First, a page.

Changi follows the story of six young Australian mates who go to war. They land in Singapore in 1942, just in time for the surrender. They are marched off to Changi prison camp along with ... See full summary »




3 wins & 7 nominations. See more awards »


Series cast summary:
 Eddie (6 episodes, 2001)
 Bill Dwyer (6 episodes, 2001)
 Gordon Yates (6 episodes, 2001)
 David Collins (6 episodes, 2001)
Mark Priestley ...
 John 'Curley' Foster (6 episodes, 2001)
 Tom (6 episodes, 2001)
 Guillaume Koper (6 episodes, 2001)
Gotaro Tsunashima ...
 Lieutenant Aso (6 episodes, 2001)
Shingo Misawa ...
 Colonel Nakamura (6 episodes, 2001)
 Colonel Smythe (6 episodes, 2001)
William Upjohn ...
 CSM Bryson (6 episodes, 2001)
Dean Atkinson ...
 Bernie (6 episodes, 2001)
Joel McIlroy ...
 Bertie Jenkins (6 episodes, 2001)
Alan Morris ...
 James (6 episodes, 2001)
 Rowdy (6 episodes, 2001)
Ichiro Harada ...
 Guard (6 episodes, 2001)
 Guard (6 episodes, 2001)
Scott Youll ...
 Guard (6 episodes, 2001)
Lawrence Puang ...
 Guard (5 episodes, 2001)
 Lofty Morgan (4 episodes, 2001)
Ian Bolt ...
 Father Paul (3 episodes, 2001)
 Older David Collins (2 episodes, 2001)
 Older Gordon (2 episodes, 2001)
Terry Norris ...
 Older Bill Dwyer (2 episodes, 2001)
Slim DeGrey ...
 Older John 'Curley' Foster (2 episodes, 2001)
Bill Kerr ...
 Older Eddie (2 episodes, 2001)
Ishihara Tatsumi ...
 Captain Shindo (2 episodes, 2001)
Andrew James Mead ...
 Captain Lovegrove (2 episodes, 2001)
Peter Carroll ...
 Doctor Hurrell (2 episodes, 2001)
Peter Gow ...
 Guard / ... (2 episodes, 2001)
Victor Ng ...
 Guard (2 episodes, 2001)


Changi follows the story of six young Australian mates who go to war. They land in Singapore in 1942, just in time for the surrender. They are marched off to Changi prison camp along with 15,000 others. Together, the six boys struggle to survive three and a half years of incarceration. Written by Aubrey Leong

Plot Summary | Add Synopsis


Drama | Music | Romance | War


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Official Sites:



Release Date:

14 October 2001 (Australia)  »

Company Credits

Show detailed on  »

Technical Specs

Sound Mix:


Aspect Ratio:

1.33 : 1
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Did You Know?


A total of 53 sets and locations had to be made and dressed including the prison barracks and a Malayan jungle. Just finding a site big enough to hold the main set of three 8 meter high buildings, which could pass for Singapore was laborious. See more »


Lieutenant Aso: Japan has won the war. Japan has won!
See more »

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User Reviews

"There's a bloke, on a crate"... creating and unforgettable viewing experience.
28 October 2001 | by (Canberra, Australia) – See all my reviews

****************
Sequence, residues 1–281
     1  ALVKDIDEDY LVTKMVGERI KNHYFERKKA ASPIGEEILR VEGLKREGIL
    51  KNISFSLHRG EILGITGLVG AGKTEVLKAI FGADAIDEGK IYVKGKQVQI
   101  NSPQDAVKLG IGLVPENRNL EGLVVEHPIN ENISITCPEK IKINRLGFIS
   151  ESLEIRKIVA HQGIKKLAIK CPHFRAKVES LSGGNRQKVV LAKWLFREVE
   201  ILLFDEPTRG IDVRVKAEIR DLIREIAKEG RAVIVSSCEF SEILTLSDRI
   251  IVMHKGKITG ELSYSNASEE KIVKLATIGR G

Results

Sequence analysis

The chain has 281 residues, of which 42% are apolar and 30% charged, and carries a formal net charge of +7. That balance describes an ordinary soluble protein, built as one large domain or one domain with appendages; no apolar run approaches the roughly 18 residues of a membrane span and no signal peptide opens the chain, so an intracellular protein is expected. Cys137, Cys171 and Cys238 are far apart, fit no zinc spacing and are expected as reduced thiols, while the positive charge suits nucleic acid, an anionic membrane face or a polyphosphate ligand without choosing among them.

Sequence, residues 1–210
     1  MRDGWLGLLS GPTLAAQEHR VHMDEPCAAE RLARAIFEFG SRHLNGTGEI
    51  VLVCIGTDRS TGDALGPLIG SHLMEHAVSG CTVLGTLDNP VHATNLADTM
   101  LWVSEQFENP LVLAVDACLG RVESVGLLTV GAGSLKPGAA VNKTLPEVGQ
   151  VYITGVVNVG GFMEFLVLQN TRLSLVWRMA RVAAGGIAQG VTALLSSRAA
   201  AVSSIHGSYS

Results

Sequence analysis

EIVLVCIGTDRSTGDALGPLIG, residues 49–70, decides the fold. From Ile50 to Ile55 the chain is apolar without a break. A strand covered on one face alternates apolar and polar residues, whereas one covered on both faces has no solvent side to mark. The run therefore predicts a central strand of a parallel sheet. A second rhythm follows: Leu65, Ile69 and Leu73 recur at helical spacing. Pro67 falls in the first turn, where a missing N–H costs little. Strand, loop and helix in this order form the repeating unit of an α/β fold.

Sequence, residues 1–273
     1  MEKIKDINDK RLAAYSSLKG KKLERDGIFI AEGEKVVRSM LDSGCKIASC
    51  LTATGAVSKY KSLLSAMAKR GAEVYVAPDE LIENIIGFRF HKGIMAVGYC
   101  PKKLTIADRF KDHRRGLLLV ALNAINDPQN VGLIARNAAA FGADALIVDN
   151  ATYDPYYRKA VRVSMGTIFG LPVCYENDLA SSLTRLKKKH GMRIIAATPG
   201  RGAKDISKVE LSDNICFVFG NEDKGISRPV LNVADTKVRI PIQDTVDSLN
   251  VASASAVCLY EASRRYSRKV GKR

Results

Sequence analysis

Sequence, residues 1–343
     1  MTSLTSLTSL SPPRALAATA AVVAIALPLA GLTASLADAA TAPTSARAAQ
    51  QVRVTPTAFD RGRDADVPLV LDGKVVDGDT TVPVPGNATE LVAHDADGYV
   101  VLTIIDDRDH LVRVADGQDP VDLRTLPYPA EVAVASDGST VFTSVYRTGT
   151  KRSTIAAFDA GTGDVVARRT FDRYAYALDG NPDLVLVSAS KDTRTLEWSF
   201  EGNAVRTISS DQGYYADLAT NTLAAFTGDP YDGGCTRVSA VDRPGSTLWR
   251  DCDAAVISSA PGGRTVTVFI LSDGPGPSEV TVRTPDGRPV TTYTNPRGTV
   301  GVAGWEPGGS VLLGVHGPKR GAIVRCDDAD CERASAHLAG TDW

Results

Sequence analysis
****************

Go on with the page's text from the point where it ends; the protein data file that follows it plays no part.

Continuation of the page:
When I heard there was to be an ABC [Australian Broadcasting Corporation] mini-series based on life in Changi [WWII POW] camp... with a focus on "elements of comedy", I was deeply sceptical and somewhat critical.

My father had served in the second world war. Such was the barbarity of the Japanese, he was able to talk about the horrors in and around Labuan (where he was stationed), until only quite recently. Along with my father, I had been awarded the fortune of knowing many great men (of stronger character and spirit than I shall ever have), who had witnessed acts of unspeakable barbarity at the hands of the Empire of Japan, and had never completely recovered. The name 'Changi' is destined to conjure horrific images for ages to come...

But upon viewing, I was highly impressed with the cast, the characters and the complex plot-lines of this wonderful series. I now regard 'Changi' as the highlight of my week, (bear in mind, I have viewed only three episodes so far... I hope the remaining episodes adhere to the standards set by the first three).

The black humour works uncannily well (however, the flatulence jokes are a little overdone), and while much of the horror has been suppressed, the series comes quite close in relaying the undaunted spirit of the survivors who were able to later continue with their lives in spite of the inhibiting memories.

The 'flashback' format of this series will be difficult for some to follow,

but I can not think of no better way to do adequate justice to the men who suffered deep emotional scarring proceeding internment... when painfully suppressed experiences are remembered, sometimes years after the horror.

One of the darkest chapters of the Second World War, the 20th century, and, (I would go so far as to say), in the history of mankind, is being relayed to a new generation through this series, and I hope it serves to relay the overwhelming adversity borne by the wartime generation.

Proceeding 'Changi', I don't think I shall ever be able to listen to the poignant tune 'on the road to Gundagai' in the same way again. Tune in...

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